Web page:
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For the Second Year Running, a Movie with a Female Lead Tops the Box Office

For the Second Year Running, a Movie with a Female Lead Tops the Box Office

“The Hunger Games” series just reached a major movie milestone: With the Wednesday announcement that “The Hunger Games: Mockingjay Part 1” surpassed “Guardians of the Galaxy” as the highest-grossing movie released in 2014 in the U.S. box office, this marks the second year a female-led movie has grossed number one. Last year, the winner was “The Hunger Games: Catching Fire.” Before that, the last time a movie with a solo female lead won the box office was 41 years ago, with “The Exorcist” starring Linda Blair. 

Jennifer Lawrence’s depiction of Hunger Games heroine Katniss Everdeen proves that kick-ass female leads are a boon in Hollywood. Like Cate Blanchett said when she accepted her Oscar for “Blue Jasmine,” films with women at the center are not niche experiences. “Audiences want to see them and, in fact, they earn money.”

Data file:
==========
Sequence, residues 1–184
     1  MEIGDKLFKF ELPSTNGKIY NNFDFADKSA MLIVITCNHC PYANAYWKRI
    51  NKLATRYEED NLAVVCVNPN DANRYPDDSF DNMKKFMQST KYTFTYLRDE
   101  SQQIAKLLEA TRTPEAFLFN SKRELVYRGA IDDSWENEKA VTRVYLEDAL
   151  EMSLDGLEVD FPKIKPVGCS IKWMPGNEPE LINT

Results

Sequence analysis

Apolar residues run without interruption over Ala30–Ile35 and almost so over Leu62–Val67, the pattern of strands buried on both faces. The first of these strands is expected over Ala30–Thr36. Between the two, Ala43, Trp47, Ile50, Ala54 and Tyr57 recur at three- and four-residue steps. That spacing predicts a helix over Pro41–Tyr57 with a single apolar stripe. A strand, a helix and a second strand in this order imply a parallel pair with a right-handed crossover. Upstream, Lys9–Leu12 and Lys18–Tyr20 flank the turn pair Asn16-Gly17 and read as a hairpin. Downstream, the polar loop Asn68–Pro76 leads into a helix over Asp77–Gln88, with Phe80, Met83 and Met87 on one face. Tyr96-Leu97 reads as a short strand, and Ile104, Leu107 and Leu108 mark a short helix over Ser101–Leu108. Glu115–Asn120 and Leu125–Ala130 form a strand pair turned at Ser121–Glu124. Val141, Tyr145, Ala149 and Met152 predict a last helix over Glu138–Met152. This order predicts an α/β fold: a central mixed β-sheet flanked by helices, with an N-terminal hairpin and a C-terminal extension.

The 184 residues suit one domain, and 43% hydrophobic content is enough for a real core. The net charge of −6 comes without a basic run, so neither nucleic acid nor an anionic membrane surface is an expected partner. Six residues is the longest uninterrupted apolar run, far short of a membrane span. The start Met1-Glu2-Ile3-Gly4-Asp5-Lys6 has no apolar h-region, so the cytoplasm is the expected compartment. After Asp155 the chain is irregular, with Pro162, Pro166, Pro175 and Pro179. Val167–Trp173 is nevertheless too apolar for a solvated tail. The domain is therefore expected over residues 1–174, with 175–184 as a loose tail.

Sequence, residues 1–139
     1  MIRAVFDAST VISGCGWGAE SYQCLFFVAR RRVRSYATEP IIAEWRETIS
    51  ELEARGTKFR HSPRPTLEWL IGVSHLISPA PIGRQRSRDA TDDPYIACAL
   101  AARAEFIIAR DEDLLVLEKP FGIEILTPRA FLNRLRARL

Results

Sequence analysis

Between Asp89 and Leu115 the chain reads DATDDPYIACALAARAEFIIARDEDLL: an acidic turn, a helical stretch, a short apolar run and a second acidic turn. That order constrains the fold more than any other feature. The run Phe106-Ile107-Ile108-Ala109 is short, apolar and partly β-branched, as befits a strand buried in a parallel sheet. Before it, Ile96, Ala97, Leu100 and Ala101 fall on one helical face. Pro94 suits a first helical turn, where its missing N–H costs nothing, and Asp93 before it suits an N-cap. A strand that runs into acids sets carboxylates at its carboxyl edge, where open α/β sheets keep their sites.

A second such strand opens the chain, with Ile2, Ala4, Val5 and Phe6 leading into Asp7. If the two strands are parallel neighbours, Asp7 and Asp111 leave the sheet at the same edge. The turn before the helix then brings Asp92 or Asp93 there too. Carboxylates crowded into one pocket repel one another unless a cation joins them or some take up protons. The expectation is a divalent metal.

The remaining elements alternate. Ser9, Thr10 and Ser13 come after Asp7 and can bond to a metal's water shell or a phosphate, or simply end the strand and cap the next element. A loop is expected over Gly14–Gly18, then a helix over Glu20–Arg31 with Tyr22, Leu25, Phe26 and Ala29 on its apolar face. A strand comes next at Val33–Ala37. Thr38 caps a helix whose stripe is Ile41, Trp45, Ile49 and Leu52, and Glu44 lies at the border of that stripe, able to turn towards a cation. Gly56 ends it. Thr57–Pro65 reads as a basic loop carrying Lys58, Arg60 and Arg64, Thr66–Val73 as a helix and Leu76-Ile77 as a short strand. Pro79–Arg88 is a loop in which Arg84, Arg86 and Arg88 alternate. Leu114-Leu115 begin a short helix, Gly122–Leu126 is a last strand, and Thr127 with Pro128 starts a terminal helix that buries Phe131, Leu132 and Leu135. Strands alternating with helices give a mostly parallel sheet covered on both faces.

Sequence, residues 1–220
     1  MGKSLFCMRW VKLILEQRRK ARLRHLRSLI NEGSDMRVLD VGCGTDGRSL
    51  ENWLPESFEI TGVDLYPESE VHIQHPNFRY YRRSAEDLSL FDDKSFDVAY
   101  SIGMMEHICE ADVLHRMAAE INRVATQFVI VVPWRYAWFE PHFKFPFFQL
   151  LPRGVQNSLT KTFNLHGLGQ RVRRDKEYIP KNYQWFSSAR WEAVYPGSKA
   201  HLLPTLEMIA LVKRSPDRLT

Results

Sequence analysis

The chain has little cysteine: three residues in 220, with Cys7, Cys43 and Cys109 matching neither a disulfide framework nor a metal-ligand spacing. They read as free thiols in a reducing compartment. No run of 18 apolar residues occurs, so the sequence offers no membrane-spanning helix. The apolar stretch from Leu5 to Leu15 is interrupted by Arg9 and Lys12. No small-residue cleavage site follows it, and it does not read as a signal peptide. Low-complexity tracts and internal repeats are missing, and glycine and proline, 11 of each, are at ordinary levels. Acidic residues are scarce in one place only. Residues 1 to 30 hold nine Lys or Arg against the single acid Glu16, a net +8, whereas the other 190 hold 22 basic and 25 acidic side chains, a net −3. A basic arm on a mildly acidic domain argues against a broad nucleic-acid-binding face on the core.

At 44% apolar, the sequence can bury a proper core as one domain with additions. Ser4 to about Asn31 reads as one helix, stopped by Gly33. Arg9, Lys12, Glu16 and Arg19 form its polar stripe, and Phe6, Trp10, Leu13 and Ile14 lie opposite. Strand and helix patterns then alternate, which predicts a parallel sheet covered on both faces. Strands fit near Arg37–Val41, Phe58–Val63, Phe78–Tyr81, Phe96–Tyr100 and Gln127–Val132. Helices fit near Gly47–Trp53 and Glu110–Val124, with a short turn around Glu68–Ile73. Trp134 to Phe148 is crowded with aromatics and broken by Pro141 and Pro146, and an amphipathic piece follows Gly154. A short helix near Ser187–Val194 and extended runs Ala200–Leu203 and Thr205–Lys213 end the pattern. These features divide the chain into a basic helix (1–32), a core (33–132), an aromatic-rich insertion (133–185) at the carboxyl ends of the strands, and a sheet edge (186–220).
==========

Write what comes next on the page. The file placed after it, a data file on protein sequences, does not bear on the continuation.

2014 was a banner year for female heroines, but the number of women behind-the-scenes is still dismal. As films like “The Hunger Games” and Scarlett Johansson’s action movie “Lucy” hit box office highs, perhaps industry experts will begin to recommend that women direct and produce more, too. Investing in women clearly pays off.

Hear from the producer of The Hunger Games, Nina Jacobson, on working with J-Law and promoting female empowerment:




Lucy Beats Her Male Counterpart at the Box Office

A Role Model For Our Times: Katniss Everdeen’s Unassuming Heroism

Geena Davis to Spearhead a Women and Diversity Film Festival This May